The director general of the British Soft Drinks Association has rejected a proposal by doctors to increase the price of fizzy drinks in order to tackle obesity.
We share the recognition that obesity is a major public health priority but reject the idea that a tax on soft drinks, which contribute just 2% of the total calories in the average diet, is going to address a problem which is about overall diet and levels of activity.
Over the last 10 years, the consumption of soft drinks containing added sugar has fallen by 9% while the incidence of obesity has been increasing, and 61% of soft drinks now contain no added sugar.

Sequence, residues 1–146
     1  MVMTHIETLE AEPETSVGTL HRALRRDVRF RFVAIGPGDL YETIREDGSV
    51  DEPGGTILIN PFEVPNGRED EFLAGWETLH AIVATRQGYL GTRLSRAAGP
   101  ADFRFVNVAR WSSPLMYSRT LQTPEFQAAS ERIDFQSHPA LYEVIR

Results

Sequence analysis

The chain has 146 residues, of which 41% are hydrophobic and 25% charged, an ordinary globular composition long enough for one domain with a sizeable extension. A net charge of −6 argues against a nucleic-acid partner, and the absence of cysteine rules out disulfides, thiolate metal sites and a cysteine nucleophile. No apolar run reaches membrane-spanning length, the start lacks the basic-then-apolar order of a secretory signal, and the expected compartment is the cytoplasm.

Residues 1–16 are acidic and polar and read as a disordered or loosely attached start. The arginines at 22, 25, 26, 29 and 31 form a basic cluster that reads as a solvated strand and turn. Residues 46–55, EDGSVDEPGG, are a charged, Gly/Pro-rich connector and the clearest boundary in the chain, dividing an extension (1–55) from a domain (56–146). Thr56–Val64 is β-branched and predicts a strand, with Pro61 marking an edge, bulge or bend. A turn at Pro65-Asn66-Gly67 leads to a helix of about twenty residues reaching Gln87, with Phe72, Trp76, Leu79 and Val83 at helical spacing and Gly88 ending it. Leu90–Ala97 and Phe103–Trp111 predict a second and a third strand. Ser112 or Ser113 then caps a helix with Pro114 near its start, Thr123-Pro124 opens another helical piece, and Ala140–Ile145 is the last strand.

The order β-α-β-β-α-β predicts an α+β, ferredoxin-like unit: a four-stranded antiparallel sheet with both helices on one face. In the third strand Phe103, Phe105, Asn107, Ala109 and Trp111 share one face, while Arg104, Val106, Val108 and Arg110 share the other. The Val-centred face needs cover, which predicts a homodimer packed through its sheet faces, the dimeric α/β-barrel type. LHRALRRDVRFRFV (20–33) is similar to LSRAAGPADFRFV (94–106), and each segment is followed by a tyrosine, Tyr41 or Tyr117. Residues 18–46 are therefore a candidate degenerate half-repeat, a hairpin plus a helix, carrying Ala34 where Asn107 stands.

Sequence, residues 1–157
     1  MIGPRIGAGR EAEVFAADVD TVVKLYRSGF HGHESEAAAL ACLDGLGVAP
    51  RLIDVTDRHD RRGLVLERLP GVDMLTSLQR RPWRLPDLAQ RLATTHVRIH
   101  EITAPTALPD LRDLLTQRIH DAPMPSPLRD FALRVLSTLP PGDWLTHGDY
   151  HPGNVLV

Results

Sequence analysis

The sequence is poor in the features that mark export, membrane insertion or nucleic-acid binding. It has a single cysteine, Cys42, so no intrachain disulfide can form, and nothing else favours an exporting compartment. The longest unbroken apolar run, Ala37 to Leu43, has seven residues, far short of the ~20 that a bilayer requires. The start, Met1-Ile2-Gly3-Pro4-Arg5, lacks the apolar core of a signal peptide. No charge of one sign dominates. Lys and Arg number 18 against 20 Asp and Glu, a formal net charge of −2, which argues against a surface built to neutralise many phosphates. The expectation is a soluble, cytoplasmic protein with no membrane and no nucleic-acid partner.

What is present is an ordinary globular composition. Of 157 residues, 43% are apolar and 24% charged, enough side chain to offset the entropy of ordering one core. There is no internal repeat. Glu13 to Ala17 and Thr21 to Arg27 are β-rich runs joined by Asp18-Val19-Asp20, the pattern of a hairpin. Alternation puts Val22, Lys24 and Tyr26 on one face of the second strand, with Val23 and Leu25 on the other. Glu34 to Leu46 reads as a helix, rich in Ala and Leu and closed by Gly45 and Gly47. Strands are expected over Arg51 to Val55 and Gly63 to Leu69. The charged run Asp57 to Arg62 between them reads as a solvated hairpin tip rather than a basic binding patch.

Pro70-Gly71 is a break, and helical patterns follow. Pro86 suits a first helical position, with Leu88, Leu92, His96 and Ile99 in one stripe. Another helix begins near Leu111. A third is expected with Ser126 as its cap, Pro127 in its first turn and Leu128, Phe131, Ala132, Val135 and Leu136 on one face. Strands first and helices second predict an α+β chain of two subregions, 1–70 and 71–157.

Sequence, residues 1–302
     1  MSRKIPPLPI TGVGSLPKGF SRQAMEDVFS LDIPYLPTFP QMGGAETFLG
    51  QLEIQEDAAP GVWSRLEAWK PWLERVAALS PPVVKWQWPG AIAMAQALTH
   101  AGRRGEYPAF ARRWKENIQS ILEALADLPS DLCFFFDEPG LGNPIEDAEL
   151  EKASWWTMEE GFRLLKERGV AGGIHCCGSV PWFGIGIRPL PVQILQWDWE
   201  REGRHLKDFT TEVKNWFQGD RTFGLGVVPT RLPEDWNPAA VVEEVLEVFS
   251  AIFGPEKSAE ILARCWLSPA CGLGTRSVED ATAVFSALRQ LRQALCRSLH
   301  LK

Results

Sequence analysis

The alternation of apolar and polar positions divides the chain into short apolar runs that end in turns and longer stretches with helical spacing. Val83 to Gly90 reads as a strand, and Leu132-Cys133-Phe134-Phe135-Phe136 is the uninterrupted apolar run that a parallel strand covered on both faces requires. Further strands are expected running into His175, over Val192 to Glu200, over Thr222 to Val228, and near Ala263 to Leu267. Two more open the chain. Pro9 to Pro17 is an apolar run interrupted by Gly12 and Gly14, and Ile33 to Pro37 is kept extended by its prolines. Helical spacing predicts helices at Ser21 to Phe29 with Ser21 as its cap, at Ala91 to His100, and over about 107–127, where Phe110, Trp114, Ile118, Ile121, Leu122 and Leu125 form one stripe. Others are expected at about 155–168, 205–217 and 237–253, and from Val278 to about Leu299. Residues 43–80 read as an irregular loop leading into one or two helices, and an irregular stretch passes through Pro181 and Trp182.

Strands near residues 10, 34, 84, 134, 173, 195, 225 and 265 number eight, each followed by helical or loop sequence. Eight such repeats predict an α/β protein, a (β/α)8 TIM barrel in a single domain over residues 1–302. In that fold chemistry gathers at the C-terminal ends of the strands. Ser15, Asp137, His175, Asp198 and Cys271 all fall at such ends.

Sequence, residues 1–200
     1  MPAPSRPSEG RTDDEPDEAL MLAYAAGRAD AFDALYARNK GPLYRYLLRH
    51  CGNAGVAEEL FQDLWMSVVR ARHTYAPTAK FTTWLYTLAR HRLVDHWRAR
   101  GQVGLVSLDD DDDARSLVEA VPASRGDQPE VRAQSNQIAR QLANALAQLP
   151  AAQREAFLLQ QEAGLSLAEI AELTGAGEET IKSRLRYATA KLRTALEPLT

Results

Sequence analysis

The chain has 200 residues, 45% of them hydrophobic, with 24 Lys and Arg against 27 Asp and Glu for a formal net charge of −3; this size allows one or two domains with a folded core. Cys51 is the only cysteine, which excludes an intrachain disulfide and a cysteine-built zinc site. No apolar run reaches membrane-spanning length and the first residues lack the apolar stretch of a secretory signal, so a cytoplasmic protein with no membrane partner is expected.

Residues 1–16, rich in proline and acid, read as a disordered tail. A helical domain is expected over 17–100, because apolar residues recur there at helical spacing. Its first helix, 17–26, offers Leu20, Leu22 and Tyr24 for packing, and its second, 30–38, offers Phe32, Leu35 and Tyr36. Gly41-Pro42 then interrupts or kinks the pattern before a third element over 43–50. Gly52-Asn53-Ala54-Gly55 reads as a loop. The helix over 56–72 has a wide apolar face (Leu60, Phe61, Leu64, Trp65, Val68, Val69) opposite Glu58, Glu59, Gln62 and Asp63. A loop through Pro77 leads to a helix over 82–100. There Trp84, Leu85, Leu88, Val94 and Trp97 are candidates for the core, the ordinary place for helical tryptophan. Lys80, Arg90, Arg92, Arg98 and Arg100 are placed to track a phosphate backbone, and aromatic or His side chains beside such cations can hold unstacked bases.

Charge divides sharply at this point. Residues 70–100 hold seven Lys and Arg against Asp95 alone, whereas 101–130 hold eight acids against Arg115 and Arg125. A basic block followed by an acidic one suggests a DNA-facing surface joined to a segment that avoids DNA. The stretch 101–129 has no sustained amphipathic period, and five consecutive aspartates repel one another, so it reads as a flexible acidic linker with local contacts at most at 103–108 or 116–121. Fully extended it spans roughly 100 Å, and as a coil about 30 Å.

The report by the Academy of Medical Royal Colleges called for a price hike of around 20%.
More top news
Coca Cola said the issue at the Northern Ireland factory was identified "immediately" and had not affected any products currently on sale.
Alexander Blackman will walk free from prison in two weeks. Here we take a look at the timeline of events surrounding his case.
The former royal marine could be released in as little as two weeks after his sentence was reduced from murder to manslaughter.